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hitting for a couple months now with respect to our response to predatory international and economic practices. we need a strategy. and this is important to hoosiers. i really appreciate, mr. bolten, in your testimony, you referenced an indiana-based manufacturer, cummings incorporated, major company. you note that cummings, on account of what you characterize as an escalating trade war, must now pay a 25% import from china for use in u.s. production. you go on to note that the companies absorbing a 25% u.s. tariff on finished products that it manufacturers in china for sale off highway equipment manufacturers and if cummings were to pass this tear rough-related cost and increase to the highway customers who lose final sales to the world as
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a national competitor. mr. bolten, earlier this year i introduced along with other senators on both sides of the aisle some legislation i mentioned in our first panel. the bipartisan national economic security strategy act of 2018. as 2757. it will create a statutory requirement for not just this administration but for a future administration to periodically submit to congress a national economics security strategy. a very sensitive topic, but there's an unclassified version with a classified enx. members of congress respectfully engage back and forth. they pick the strategy and we move forward together as a country. i just ask you, sir, are you aware of the legislation that i just emps ared -- referenced? and if so, what are your general
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impressions of it? >> senator, we are aware of your legislation. we're taking a look at it, so i don't have an official roundtable for you. but it's a good idea. i served in the administrations where the exercise that the national security council goes through on a regular basis to produce that is beneficial, both to forming priorities within the administration, and then holding yourselves accountable for how are you doing against your priorities. and i'm included to agree with you that doing the same on the economic front would be enormously beneficial, not just for the trump administration, but any administration. >> mr. fuchs, you earlier indicated the strategy is an effective component of making sure that we respond optimally
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to china, in particular. their predatory economic practices, my words, not yours, but i'm going to allow you to explain why you think your strategy is needed, sir. >> thank you, senator. i am aware of your legislation and closely reviewing it as well. but to your question, i absolutely believe that this country needs a coherent and comprehensive strategy that sees the trade aspects in the broader picture. of how best we can grow the economy here at home in a way that works for all americans and that protects our international interests and our national security at the same time. so i absolutely believe that a strategy in this regard is necessary. and i'm encouraged, frankly, by some of the efforts i've seen in congress for congress to push the administration to develop such a strategy, especially in this case. >> thank you much.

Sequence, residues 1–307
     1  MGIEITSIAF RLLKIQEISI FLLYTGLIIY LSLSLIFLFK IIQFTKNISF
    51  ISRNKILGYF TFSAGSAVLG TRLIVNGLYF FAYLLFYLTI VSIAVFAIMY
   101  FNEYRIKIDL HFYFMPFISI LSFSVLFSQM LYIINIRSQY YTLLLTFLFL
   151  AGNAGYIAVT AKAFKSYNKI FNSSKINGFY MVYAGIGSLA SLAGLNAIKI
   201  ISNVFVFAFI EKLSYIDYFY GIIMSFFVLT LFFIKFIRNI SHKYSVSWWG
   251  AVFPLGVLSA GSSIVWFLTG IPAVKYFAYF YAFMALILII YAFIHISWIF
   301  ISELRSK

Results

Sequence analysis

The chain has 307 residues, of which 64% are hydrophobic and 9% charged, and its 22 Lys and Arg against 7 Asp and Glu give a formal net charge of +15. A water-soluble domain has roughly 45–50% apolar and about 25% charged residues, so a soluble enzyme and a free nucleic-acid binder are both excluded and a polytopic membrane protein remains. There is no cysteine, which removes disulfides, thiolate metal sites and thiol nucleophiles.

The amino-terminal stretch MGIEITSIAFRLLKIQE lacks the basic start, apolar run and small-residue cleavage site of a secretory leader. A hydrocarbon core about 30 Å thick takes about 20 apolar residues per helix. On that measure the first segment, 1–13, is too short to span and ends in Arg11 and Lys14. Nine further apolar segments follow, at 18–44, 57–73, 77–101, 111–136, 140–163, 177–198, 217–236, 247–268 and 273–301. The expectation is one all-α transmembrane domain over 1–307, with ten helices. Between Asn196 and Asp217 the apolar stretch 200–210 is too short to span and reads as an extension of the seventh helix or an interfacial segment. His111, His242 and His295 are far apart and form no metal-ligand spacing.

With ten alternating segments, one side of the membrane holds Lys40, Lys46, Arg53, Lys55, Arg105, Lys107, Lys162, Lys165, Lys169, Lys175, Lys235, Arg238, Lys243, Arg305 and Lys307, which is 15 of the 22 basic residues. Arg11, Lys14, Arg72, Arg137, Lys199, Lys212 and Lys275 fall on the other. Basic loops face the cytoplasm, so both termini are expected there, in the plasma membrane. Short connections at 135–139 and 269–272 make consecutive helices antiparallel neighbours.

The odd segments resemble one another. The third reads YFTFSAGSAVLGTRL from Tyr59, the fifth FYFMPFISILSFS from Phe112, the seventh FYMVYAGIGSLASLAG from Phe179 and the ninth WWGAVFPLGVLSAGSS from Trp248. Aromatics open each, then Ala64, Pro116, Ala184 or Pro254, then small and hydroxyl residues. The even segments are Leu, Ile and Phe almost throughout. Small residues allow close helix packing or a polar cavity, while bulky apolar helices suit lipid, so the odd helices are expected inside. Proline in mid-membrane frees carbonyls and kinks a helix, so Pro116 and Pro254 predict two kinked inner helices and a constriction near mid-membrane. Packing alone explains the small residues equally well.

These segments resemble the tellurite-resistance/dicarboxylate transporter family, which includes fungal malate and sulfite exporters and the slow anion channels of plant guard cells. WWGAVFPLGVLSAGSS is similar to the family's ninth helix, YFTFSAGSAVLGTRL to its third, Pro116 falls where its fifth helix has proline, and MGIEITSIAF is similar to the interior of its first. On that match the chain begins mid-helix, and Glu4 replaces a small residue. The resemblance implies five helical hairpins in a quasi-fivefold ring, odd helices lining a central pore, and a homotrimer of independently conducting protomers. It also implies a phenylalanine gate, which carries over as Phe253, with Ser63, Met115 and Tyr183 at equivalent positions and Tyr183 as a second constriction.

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i would note there's a real distinction that needs to be made between objectives on one hand and a more rigorous, more thorough and comprehensive strategy developed across different departments of government, working with say the national economic council and national security council. some bullet points on powerpoint slides with five pillars, frankly, is not a strategy. and you know that. to the extent, there's a lot of energy behind that comment, but it is just conviction. so thank you for your remarks about the importance of the strategy. indiana's not only a major producer of ag products as it is generally perceived to be, but we are the most intensive company to major automobile producers. companies like toyota and subaru and nissan, they employ tens of millions of hoosiers. these companies operate by
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making sure that there is a global supply chain interrupted. and mr. bolten, in the prepared testimony, you say the administration is now investigating whether to employ the same national security argument to restrict imports of automobiles and auto parts under section 232. sir, can you describe in more detail what you think would be the consequences of this approach for companies producing automobiles in indiana and beyond for american consumers? >> in a word, disastrous. the steel and aluminum will ripping throughout the economy. now take that and multiply by ten, because the automobile trade in this country is much